TORONTO -- Prime Minister Justin Trudeau tried Friday to reassure Canadians his plan to vaccinate them is working despite mounting criticism his government is not getting vaccines soon enough.
Trudeau said there is “a lot of anxiety and a lot of noise,” but said Canada is still on track to get 6 million doses of Pfizer and Moderna vaccines by the end of March and 20 million in the spring.
“We are very much on track,” Trudeau said.
About 2.3 percent of Canada's population has received at least one dose compared to more than 8.8 percent for the U.S. Most countries around the world have been struggling to vaccinate people quickly. But Canadians are comparing their country to world-leading Israel and the neighboring U.S.
Both Pfizer and Moderna have cut the number of doses Canada expected to get thus far, but Trudeau says he still expects to get 4 million doses from Pfizer and 2 million from Moderna by the end of March.
Trudeau said they are still very much on track based on what the chief executives of the companies keep telling him.
Canada didn’t get any Pfizer doses last week after the company announced a temporary reduction in deliveries so that it could upscale its Puurs, Belgium, plant to handle more production. That plant supplies all Pfizer shots delivered outside the U.S. Moderna has also had trouble scaling up production.
Trudeau reiterated that Canada has signed contracts with seven different vaccine makers and he expects Canada will get more doses per person than any other country in the world. He reiterated that everyone who wants to be vaccinated will be by September. Officials says they have agreements to import 10 doses per Canadian. Canada has a population of 37 million.
Canada does not have domestic vaccine production and the government has been getting shipments from Europe instead of the U.S., its closest ally.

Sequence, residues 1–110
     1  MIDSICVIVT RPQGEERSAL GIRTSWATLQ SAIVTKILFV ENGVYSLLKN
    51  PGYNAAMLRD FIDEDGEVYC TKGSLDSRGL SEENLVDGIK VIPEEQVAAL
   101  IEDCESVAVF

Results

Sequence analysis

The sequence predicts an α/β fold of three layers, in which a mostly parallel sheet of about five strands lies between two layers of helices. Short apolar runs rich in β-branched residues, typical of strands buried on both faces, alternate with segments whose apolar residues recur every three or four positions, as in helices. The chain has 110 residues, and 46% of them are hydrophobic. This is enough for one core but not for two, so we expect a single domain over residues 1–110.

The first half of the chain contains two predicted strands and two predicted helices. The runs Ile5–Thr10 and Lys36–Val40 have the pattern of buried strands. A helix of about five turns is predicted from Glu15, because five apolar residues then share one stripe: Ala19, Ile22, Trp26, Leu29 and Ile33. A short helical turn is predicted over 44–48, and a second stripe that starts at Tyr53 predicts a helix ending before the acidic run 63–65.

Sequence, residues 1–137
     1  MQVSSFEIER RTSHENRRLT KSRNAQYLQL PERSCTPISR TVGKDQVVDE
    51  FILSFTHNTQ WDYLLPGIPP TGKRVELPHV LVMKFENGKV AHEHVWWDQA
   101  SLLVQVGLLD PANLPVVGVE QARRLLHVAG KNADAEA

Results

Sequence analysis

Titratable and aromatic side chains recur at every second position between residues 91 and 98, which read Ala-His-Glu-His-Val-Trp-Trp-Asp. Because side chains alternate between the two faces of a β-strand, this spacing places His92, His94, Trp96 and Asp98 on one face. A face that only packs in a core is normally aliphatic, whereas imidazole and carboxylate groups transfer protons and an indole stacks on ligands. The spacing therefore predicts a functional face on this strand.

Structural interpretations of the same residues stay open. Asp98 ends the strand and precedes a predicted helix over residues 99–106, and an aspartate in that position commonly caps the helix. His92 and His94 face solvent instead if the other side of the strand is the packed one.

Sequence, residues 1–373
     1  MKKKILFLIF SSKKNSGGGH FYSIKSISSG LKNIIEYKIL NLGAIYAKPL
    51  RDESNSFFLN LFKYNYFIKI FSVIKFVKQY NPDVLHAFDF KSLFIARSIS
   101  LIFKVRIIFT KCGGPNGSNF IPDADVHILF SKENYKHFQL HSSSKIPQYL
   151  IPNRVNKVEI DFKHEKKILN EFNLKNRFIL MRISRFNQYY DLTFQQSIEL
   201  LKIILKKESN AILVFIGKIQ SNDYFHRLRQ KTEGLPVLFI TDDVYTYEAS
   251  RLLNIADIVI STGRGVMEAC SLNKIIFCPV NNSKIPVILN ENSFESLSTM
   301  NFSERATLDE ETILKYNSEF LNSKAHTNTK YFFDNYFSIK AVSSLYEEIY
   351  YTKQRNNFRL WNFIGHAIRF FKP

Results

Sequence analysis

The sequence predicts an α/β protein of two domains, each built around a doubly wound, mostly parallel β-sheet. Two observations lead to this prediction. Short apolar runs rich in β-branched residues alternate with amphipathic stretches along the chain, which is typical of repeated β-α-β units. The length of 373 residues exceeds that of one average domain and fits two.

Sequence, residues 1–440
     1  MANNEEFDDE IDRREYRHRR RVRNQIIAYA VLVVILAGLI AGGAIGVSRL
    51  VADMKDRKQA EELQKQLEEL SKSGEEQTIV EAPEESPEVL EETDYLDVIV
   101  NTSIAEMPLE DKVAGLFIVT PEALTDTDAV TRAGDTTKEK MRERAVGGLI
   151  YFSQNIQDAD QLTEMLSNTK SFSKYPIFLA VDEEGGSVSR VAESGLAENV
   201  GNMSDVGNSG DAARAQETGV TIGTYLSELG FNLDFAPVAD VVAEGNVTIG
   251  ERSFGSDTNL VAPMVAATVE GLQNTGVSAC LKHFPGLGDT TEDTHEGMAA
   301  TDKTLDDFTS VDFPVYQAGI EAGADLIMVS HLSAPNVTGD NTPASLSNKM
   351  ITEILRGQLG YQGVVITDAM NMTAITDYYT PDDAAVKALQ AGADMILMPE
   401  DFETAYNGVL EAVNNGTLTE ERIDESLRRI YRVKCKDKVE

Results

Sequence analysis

The U.S. government has an agreement with Pfizer in which the first 100 million doses of the vaccine produced in the U.S. will be owned by the U.S. government and will be distributed in the U.S. Anita Anand, the Canadian federal procurement minister, has said the doses that are emerging from the Michigan plant are for distribution in the United States.
“We’re focused on ensuring that the American people are vaccinated, that we are getting as many shots in the arms of Americans as possible,” White House Jen Pasaki press secretary said this week.
The European Union has talked about a vaccine export ban, but Trudeau has said he’s been reassured by top EU officials that Canada will still get its contracted doses.
Trudeau also defended Canada's arrangement for getting doses from the COVAX program coordinated by the World Health Organization, which seeks to ensure that low- and middle-income countries have enough vaccines at a time when wealthy nations have snapped up a large part of the billions of upcoming doses from mostly Western vaccine makers.
“When wealthier countries invest in COVAX, half of that funding is to get doses at home, and the other half is to buy doses for low- and middle-income countries,” Trudeau said. “Our contribution was always intended to access vaccine doses for Canadians as well as to support lower income countries.”
Trudeau said through COVAX, and pending Health Canada approval, Canada will receive at least 1.9 million doses of the AstraZeneca vaccine before the end of June. He said that’s addition to the 20 million doses Canada has already secured itself from AstraZeneca.
Nelson Wiseman, a political science professor at the University of Toronto, said criticisms of Trudeau aren't fully deserved.
“The reality is that Canada does not have domestic capacity to produce the vaccines and some other countries do. People are impatient because their hopes were boosted, it is mid-winter, and they are looking to escape this plague," Wiseman said.
Wiseman said Trudeau was blindsided by the pharma companies who said they would deliver more doses earlier and have now retracted on what they said.
“Trudeau’s poll numbers are down but if we see millions of doses arriving in March-April, the heat will be off,” Wiseman said.